How to Detect and Treat Ear Mites in Cats
7 July, 2015
Ear mites in cats are very common and can be treated and detected upon onset. Ear mites are microscopic parasites which can infect the ears of a cat. They like to live in the warm, dark environment of the cat’s ear canal where they feed on skin debris. The mites create irritation and itchiness, which cause the cat to scratch its ears which can then cause problems such as skin infections or a swollen ear flap, which need veterinary attention.
Catching and treating ear mites quickly can avoid problems later and ensure a healthy, happy cat. Below are the most common symptoms of ear mites in your cat:
1. Excessive scratching of the ears
2. Fresh or dried blood inside of the ear canal which may resemble coffee grounds.
3. Small white or black dots which are the actual mites.
4. Excessive shaking of the head
5. Dizziness and loss of balance
6. Flattened ears and/or unpleasant odor
Look out for excess wax in your cat’s ears
Ear mites cause the lining of the ear canal to produce excessive amounts of wax. This wax is typically a dark brown/ black color, and can sometimes look like waxy dirt in the ear. A cat with healthy ears will have minimal earwax. If you see something that looks like coffee grounds or flecks of black dirt in the ear, this is a sign of a possible ear health problem.
The cat’s ear produces this wax as a defense against the impact of the infestation. You can sometimes also detect a foul smell coming from your cat’s ear.
If you suspect your cat has ear mites, take your cat to the veterinarian immediately
Ear mites are not just found in cat’s ears but this yucky parasite can travel all over the cat’s body. Without treatment, your cat’s ear mite infestation can spread to other cats or dogs in your home. All family pets have to be treated if mites are found on just one animal. That’s why a trip to your veterinarian should be scheduled if you suspect ear mites.
Ear mites are extremely tiny and not always visible to the naked eye, so a vet will have to examine your cat’s ears with a special instrument known as an otoscope. A secondary infection can result if the ear mite infestation is not treated. The sooner you bring your cat to the vet, the better.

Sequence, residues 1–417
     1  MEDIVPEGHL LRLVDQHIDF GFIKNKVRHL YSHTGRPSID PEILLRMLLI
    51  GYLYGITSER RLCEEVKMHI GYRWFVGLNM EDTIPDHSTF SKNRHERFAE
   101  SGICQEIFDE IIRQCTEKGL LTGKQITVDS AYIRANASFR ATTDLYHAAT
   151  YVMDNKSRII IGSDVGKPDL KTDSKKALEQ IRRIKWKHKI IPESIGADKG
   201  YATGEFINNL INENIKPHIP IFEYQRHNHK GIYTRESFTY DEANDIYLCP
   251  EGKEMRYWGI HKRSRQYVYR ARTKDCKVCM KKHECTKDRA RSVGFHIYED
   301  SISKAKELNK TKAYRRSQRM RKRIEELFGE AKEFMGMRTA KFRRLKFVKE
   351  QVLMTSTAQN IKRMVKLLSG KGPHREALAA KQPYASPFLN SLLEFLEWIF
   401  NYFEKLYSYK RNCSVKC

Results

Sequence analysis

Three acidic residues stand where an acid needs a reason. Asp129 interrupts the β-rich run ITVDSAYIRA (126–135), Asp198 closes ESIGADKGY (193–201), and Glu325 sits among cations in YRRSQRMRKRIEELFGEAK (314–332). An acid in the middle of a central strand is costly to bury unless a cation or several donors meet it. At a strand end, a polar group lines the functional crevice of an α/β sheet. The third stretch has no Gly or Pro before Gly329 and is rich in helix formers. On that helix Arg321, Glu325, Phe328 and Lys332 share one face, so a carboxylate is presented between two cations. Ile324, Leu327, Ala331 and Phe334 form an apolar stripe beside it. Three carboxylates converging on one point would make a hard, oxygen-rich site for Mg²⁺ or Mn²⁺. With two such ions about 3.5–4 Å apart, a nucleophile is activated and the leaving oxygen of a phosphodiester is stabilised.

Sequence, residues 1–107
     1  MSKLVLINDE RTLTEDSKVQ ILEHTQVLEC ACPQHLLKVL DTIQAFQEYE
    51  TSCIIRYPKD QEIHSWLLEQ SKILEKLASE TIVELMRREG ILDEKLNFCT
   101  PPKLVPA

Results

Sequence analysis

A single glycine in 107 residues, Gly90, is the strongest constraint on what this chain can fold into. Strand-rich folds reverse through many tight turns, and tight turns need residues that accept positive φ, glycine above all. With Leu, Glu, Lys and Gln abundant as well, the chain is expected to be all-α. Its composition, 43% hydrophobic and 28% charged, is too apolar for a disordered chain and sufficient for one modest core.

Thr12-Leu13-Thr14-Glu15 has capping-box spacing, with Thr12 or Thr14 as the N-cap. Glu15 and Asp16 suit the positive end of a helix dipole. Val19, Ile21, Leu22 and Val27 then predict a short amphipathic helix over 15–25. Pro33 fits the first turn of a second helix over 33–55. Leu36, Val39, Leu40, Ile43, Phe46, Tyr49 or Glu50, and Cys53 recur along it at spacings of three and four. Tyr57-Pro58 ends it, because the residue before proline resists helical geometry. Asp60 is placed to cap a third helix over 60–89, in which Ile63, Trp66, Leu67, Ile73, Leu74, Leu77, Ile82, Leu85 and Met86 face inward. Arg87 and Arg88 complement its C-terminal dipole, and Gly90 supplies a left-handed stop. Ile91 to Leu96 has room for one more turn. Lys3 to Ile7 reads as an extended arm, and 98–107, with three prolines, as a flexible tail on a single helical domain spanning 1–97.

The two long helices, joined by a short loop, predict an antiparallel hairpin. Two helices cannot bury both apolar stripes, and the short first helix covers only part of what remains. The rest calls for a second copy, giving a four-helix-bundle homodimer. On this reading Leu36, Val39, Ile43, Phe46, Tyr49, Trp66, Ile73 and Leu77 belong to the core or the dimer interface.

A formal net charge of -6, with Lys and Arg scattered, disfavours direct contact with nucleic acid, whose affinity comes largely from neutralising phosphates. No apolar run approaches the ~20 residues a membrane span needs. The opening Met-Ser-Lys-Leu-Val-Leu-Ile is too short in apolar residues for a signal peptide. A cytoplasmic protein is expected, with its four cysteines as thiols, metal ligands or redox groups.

Treatment and prevention of ear mites
First you must treat the ears. Clean your cat’s ears, then apply ear mite drops to the ear canal for seven days. Ear mite medications are safe and can even be applied to kittens. Your vet will probably begin the treatment after diagnosis and then have you continue applying the drops from home over the next week.
Because mites can be located outside the ear area, the entire body of the cat should also be treated. Your cat should be bathed with an anti-parasite shampoo. These products are available everywhere – pet stores, on-line or from your vet.
One of the most effective treatments for ear mites in your cat is prevention. There are different topical solutions on the market that your vet can recommend which prevent ear mites. If you apply an ointment to your cat’s ears’ monthly, it is unlikely that he or she will ever get ear mites.
The duration of ear mites in your cats
The ear mite life cycle from eggs to adult takes about 21 days. From the time your cat becomes infected to the time the ear mites reach maturity, your cat might be infested with hundreds or thousands of mites. But, again, this can be treated.
Make sure to check all your pets for ear mites
If you have more than one pet and suspect one of them has ear mites, check all their ears. Ear mites spread easily between animals if they sleep together or groom each other. If you only treat the affected animal, it might be that other pets harbor the parasite but don’t show signs, and can act as a reservoir for re-infection.
If one pet has ear mites, it is more than likely that you will need to treat all the pets in the house to get rid of the infection.
If you check your pets’ ears regularly and make sure they are clean, you are likely to beat ear mites before they get to your cat.